Anthony van Leeuwenhoek is best known for perfecting the microscope. But he is also credited with other groundbreaking scientific discoveries. His reputation as an exceptional researcher and inventor remains to this day.

Anthony van Leeuwenhoek was born to an ordinary family, living on the corner next to the Leeuwenpoort (gate) in Delft - hence the surname. From an early age, Van Leeuwenhoek was fascinated by the ‘onsigtbare geschapene waarheden' or ‘invisibly formed truths'. To research these, he created a microscope that could produce far more powerful magnifications than any others at that time.

Van Leeuwenhoek never had a scientific education. He just wanted to find out the truth of what he saw as the creation by the Creator. He discovered red blood cells, spermatozoa and the banded pattern of muscle fibres. He was probably also the first to observe bacteria.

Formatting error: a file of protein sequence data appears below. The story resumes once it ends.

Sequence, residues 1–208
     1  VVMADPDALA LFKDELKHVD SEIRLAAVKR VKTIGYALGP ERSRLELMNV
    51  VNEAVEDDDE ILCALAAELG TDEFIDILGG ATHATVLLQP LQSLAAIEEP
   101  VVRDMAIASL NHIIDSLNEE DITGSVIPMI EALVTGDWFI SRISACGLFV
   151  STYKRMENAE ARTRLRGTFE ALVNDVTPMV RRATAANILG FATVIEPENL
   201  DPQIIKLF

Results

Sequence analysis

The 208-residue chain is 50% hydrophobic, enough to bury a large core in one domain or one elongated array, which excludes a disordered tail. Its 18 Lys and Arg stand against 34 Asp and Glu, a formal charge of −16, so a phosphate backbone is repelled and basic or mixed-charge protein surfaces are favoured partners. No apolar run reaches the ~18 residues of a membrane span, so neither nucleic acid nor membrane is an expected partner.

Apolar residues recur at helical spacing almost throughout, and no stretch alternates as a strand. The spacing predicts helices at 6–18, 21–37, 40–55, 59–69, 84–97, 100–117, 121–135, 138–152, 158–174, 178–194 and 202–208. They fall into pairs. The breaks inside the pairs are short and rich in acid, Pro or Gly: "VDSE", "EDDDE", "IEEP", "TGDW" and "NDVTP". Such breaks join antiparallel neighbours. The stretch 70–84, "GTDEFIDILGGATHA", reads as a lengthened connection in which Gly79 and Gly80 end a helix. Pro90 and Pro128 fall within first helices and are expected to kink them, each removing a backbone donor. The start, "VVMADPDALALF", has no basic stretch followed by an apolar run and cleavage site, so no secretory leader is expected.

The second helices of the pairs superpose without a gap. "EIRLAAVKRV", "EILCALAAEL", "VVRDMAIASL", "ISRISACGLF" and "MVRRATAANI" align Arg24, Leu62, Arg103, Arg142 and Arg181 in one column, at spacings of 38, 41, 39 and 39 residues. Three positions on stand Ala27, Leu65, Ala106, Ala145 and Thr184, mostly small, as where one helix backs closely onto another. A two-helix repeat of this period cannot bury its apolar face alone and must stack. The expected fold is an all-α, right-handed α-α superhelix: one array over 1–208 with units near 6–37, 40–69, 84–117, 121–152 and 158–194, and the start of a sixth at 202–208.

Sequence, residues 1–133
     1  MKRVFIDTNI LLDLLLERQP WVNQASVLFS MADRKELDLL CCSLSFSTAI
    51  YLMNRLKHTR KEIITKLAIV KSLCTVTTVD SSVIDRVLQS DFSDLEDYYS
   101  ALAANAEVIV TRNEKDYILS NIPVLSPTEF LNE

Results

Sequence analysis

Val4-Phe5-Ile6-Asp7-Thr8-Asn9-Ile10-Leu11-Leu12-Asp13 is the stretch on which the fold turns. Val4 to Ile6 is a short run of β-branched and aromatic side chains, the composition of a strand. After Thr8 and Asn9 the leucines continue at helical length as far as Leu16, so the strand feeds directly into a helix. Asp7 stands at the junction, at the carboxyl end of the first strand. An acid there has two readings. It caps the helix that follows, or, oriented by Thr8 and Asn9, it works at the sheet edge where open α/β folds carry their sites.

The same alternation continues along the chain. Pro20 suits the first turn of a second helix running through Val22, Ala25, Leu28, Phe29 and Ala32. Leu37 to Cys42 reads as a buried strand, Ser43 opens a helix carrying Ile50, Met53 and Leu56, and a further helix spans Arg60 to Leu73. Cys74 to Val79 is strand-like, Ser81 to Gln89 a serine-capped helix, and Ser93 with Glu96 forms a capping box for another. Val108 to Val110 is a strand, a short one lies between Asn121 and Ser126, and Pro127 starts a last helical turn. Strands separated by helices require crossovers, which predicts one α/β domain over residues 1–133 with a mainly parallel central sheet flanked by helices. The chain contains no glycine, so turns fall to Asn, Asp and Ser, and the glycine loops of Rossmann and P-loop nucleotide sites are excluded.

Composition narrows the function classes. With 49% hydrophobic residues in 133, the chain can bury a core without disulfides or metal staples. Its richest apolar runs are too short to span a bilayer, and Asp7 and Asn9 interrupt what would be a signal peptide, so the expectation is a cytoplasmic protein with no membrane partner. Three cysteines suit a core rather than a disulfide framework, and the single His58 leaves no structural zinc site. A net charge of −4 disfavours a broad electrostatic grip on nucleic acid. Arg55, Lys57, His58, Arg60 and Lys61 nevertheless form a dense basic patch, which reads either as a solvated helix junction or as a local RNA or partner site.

Van Leeuwenhoek sent his observations to the Royal Society in London, an association of leading scientists, and this led to him becoming a well-known figure. He died at the age of 91, an unusually old age at that time. ‘Here lies the grey expertise of Leeuwenhoek', reads the final line of the inscription by the poet Huibert Poot. It is a clear sign of the respect he had already earned in his own time.


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